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Planting Cover Crops and Green Manure

Posted Oct 08 2011 1:00pm
A cover crop is a quick-growing crop used to cover exposed ground, prevent erosion or soil compaction, and block weeds. Cover crops such as buckwheat, clover, rye or other grains and legumes add nutrients and humus to the soil when they are cut down, turned under, and allowed to decompose in place. A cover crop that helps build soil health is called green manure.


Cover crops can protect and build the soil in all seasons. Cover crops protect the soil and the beneficial activity of soil bacteria, fungi, and earthworms from heavy spring and fall rain, hot summer sun, and winter winds. Deep-rooted cover crops draw phosphorus, potassium, and trace minerals to the soil surface at the same time they are aerating the soil.


Cover crops and green manures can be planted As a gap-filler between growing seasons or between plantings of food crops.

As soil builders in any season: plant a warm-season cover crop followed by a cool-season or winter-hardy cover crop.

As a temporary living mulch to keep weeds down between rows and beds of crops and prevent erosion or compaction.

As a permanent mulch around perennial vegetables and fruit trees and bushes.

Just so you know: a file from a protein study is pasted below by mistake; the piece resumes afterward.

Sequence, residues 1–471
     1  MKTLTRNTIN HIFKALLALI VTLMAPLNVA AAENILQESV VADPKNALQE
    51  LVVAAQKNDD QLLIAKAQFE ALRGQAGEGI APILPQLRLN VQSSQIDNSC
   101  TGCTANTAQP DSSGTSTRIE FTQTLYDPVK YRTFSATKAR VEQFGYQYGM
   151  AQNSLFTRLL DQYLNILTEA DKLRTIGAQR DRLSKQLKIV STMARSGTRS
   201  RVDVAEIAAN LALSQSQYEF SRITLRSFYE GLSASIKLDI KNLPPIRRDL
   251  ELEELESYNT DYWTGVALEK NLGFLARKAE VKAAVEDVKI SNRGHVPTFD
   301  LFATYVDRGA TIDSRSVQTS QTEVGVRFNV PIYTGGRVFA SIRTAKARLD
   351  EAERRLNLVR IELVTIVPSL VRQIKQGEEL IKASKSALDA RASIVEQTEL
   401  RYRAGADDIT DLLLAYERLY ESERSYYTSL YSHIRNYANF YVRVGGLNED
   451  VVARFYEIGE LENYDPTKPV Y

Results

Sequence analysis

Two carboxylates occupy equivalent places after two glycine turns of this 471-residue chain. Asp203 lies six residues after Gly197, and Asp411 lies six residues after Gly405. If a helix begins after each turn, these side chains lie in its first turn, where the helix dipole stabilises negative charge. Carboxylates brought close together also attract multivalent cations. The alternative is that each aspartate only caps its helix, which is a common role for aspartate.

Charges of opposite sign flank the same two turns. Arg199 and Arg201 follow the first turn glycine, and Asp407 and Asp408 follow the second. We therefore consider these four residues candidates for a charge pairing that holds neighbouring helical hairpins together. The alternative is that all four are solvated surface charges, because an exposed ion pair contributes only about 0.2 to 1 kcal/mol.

Timing. Cover crops can be planted:

In early spring to hold the ground until warm-season crops such as peppers, tomatoes, and melons can be planted; plant early spring cover crops 6 to 10 weeks before warm-season crops turning them under 2 weeks before planting your vegetable crop.

In late spring or early summer (mid-season) after the harvest of spring leaf and root crops and before the planting of summer or fall crops. A heat-tolerant, fast-growing cover crop such as cowpeas or buckwheat can bridge a gap as short as one month.

In late summer or fall after warm-season crops have been harvested; plant winter cover crops at least 6 weeks before the first killing frost. Some winter cover crops will die with the first freeze; others will survive winter and begin growing again in spring.

During growing season as a living mulch to suppress weeds and moderate soil temperature in hot weather; allow 4 weeks for cover crops to begin protecting planting beds and surrounding areas as green pathways.

For a full year to improve infertile or compacted soil or to rejuvenate worn-out soil. A year-round cover crop can choke out perennial weeds and reduce root-knot nematodes as well.


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